Steve Wentworth, photographer
New CSA member, Steve Wentworth is one of the few photographer that freely shares his images with non-profit , educational and environmental groups. “I am happy to share my work with non-profit educational or positive environmental groups and I will provide that work free if I think it will be used for good purposes.” Wentworth has shared more than 1,200 of his photographs with the Sierra Club – Rio Grande Chapter of New Mexico and the Bosque Action Team and various other groups, including a nearby Pueblo that uses his images for their educational and environmental programs.
Wentworth and his wife, Karen are native New Mexicans; both grew up in eastern New Mexico and went to the same university. They love the beauty of New Mexico and appreciate the different cultures of the state. More than forty years ago, Steve worked for a local TV station doing studio production. According to Steve, at the station he ran audio, “I was a cameraman, did lighting for news casts and commercial production. I did some photography for the station…photos of cars, sofas and so on but it was was not very creative or rewarding. Studio work is fine for some but the redundant nature didn't interest me.” Eventually quitting the TV station , Wentworth started a construction company and retired 35 years later, hardly ever touching a camera during those years.
“Then in 2007, my wife wanted a small digital camera for her job with UNM's Communication & Marketing Department, so I got her the best camera I could find locally; it was a small point and shoot unit. I was amazed at what I could do with that small camera and I loved the fact I did not have to have the film processed.
“I would never go back to using film – I can't think of a single reason to use film despite the many myths about film. Each year the technology for cameras and lenses improves at a fantastic rate; photo software is easier to use and good photography is achievable for all. I don't believe cell phones or point and shoots are suitable for serious photography, they are great for snap shots of the dog and kids. Good digital cameras are amazing and worth the price for a good body and glass; I use digital single-lens reflex cameras (DSLR) with the best lenses I can afford.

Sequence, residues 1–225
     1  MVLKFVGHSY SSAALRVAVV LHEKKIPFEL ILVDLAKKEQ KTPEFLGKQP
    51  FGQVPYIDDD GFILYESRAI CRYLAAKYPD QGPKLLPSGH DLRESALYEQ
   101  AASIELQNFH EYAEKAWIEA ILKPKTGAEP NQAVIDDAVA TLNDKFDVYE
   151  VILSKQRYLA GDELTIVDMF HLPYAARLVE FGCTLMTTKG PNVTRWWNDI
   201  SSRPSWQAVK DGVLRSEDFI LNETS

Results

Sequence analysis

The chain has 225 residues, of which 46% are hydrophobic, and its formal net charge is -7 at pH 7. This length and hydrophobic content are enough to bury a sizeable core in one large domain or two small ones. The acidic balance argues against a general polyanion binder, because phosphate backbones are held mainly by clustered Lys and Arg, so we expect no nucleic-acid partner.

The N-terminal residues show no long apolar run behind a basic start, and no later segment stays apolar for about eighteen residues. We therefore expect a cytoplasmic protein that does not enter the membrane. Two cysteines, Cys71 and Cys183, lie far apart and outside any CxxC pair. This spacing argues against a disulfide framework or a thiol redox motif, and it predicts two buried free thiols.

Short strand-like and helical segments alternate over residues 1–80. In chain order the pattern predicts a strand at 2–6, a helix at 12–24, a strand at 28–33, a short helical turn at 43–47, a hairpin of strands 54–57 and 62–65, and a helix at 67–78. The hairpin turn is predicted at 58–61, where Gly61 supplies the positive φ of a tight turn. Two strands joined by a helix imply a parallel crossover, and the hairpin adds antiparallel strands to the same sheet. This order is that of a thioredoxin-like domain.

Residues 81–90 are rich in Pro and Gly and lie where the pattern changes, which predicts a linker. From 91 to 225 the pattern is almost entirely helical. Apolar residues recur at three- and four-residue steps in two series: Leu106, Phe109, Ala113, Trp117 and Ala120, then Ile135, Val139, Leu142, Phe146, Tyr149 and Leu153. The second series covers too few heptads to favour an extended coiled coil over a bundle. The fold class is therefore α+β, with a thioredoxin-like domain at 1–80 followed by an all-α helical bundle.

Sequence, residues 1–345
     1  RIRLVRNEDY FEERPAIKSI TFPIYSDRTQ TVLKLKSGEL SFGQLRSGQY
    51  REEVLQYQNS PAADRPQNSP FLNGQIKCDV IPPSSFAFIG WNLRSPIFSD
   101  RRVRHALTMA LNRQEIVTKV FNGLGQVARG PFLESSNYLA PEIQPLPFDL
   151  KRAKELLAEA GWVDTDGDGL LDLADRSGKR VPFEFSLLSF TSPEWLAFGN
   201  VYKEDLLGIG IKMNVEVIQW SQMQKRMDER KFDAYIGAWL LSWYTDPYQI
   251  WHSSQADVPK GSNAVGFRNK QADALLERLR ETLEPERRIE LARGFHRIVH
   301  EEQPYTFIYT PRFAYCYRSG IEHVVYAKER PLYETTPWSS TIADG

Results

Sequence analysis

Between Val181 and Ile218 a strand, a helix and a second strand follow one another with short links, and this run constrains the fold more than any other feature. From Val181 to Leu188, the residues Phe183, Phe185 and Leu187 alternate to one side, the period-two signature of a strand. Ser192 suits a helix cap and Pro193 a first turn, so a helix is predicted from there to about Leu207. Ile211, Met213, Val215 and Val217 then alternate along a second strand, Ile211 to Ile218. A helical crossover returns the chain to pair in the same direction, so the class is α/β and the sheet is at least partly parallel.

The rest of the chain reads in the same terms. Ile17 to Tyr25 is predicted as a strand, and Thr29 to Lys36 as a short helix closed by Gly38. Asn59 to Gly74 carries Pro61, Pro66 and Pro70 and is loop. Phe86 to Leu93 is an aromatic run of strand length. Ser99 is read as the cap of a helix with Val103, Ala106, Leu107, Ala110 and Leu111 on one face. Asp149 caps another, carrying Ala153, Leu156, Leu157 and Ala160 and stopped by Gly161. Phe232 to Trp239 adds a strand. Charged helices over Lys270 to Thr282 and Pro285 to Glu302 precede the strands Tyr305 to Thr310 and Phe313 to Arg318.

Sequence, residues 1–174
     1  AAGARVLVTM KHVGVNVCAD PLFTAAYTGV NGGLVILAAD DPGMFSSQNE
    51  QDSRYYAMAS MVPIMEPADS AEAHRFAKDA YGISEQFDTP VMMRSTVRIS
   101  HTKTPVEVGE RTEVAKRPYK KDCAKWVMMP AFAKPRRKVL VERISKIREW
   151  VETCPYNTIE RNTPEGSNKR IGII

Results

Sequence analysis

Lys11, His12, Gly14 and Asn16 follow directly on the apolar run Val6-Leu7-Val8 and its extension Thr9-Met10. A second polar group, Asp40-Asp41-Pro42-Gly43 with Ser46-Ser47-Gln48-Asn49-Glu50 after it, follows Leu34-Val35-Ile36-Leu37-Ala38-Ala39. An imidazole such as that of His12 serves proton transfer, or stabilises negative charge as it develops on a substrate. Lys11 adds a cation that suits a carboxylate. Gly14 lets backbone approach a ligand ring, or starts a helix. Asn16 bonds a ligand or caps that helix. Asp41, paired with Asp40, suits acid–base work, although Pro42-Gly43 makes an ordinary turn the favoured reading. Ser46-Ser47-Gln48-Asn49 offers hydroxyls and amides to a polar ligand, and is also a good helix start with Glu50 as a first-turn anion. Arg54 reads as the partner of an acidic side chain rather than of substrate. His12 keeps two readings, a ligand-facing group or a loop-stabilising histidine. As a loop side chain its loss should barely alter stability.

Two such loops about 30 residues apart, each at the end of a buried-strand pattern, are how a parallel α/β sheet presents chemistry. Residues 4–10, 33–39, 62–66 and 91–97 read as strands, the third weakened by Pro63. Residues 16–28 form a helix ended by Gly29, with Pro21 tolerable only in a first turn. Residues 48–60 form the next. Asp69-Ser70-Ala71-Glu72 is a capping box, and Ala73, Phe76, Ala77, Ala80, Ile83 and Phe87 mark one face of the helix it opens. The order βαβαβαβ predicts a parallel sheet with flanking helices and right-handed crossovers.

Wentworth concentrates on wildlife and some event work because he finds it challenging. “I figured if I could get a good shot of a tiny bird or animal, I would learn how to use my camera. You can't control the environment and natural light and certainly cannot control the actions of the subjects that may move or fly away at the next moment.” His ability to capture freedom of the wild, the detail and beauty of the living environment in the natural light as he experiences it can be breathtaking. “My photos are the result of being in the right place, having the right equipment ready, knowing how to use that equipment and then the most important item is luck.” Almost 95 percent of Wentworth's photography is done in New Mexico, with most within a 25 mile radius of Albuquerque.
Many of today's digital photographers spend considerable time using programs to enhance, composite or modify their images. While Wentworth does work with digital tools, he is more of a purist. “I don't like spending time on my computer (today's' darkroom) working on my photos, but I do think it is necessary to photoshop almost all digital photos to some degree. I try to reproduce the image in a natural manner while trying to bring out the detail and color that is already there. I will say that I am amazed at some of the wonderful work done by folks who know how to manipulate their photos to achieve beautiful artwork.”
As an organization, CSA supports young, budding artists through mentoring, classes and offering advice. When asked what advice he would offer to beginning photographers, Wentworth replied, “My best advice for young photographers or anyone starting out with any type of photography is to turn off their cell phones, get a camera with a viewfinder, and learn how to use it, be quiet, pay attention and take lots of photos. Only after taking hundreds of photos did I learn enough to start taking some acceptable photos. I shared some of the photos with friends and was soon asked to share the photos with other people and groups – this was a positive boost in my confidence and my progression as a professional photographer.”